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## Upside Down Derivatives: Instructor's Guide

### Main Ideas

- This small group activity is designed to provide students with a means of experimentally verifying relationships between partial derivative expressions
- Students use the Partial Derivative Machine (PDM) to measure two “easy” derivatives that are mathematical reciprocals of each other in order to demonstrate a relationship between them.
- The wrap up discussion focuses on helping students realize that when the variables in the numerator and denominator of a partial derivative are switched, and the same variable is held constant, that the numerical value of the derivative is simply the reciprocal of the original quantity; which was hopefully demonstrated by the student measurements.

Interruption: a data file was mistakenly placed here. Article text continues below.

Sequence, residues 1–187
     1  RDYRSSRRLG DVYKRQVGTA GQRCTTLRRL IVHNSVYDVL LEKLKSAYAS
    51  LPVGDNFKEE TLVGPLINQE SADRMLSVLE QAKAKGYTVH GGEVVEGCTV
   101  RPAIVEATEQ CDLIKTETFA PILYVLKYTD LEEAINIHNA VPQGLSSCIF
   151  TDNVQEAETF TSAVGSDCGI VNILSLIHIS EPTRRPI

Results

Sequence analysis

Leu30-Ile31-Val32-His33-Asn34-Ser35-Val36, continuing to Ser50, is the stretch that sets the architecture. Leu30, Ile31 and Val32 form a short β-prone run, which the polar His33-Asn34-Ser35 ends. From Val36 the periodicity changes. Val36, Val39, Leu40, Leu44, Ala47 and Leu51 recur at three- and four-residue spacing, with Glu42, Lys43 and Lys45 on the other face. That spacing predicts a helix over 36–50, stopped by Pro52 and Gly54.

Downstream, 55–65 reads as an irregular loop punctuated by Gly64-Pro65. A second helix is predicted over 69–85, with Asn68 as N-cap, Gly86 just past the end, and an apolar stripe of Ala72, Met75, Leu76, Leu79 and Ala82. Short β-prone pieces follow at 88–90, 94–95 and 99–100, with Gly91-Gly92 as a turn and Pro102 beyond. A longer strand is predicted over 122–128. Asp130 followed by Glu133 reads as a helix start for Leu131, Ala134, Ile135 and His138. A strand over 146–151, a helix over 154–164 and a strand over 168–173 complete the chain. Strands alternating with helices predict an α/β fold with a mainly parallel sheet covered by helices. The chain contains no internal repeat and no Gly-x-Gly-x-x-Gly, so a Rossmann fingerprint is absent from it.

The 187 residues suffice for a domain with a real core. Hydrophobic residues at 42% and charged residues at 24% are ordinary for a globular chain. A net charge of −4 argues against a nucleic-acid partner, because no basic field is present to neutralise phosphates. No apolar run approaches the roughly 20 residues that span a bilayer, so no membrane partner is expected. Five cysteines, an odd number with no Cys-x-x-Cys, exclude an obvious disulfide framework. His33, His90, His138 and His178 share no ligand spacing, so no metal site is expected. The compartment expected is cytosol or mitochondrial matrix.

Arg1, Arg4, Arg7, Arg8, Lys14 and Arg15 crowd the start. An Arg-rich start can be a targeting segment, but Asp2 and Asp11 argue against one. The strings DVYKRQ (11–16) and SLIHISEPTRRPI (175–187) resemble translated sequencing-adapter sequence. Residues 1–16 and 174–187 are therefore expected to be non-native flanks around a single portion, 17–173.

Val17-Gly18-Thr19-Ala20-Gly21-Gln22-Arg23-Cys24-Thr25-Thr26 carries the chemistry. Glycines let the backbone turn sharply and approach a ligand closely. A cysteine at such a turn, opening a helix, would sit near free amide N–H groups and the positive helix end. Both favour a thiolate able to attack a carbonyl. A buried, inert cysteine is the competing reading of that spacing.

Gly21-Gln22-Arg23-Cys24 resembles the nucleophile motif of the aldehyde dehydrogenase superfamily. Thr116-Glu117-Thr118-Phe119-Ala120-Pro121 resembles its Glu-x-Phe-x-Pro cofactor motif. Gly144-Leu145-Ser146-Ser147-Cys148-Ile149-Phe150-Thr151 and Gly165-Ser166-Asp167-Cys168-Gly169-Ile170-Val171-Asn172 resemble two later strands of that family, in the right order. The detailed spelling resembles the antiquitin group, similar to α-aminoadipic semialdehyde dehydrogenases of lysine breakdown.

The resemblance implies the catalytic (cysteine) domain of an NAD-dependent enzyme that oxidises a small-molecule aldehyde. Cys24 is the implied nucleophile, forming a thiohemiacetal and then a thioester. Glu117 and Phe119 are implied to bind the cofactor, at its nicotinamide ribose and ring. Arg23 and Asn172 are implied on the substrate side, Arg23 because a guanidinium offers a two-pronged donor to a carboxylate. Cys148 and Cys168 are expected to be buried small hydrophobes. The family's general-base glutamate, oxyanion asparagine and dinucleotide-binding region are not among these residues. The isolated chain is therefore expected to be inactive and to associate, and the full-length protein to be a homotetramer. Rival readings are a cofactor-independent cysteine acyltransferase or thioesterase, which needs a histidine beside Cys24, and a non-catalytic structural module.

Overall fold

### Students' Task

*Estimated Time: 10 minutes*

Using your devices, measure the following two derivatives: $\left(\frac{\partial x_1}{\partial x_2}\right)_{F_1}$ and $\left(\frac{\partial x_2}{\partial x_1}\right)_{F_1}$

How do they relate to one another?

### Prerequisite Knowledge

- Familiarity with partial derivatives
- Familiarity with the Partial Derivative Machine

### Props/Equipment

- Tabletop Whiteboard with markers
- A Partial Derivative Machine per group

### Activity: Introduction

### Activity: Student Conversations

### Activity: Wrap-up

The wrap up discussion for this activity is to have students report the numerical values they found and encourage them to realize that the derivatives should be related by the expression: $\left(\frac{\partial x_1}{\partial x_2}\right)_{F_1} = \frac{1}{\left(\frac{\partial x_2}{\partial x_1}\right)_{F_1}}$

### Extensions

This activity is the first activity of the Partial Derivative Machine (PDM) Sequence on partial derivative relations. This sequence uses the Partial Derivative Machine (PDM).

- Follow-up activities: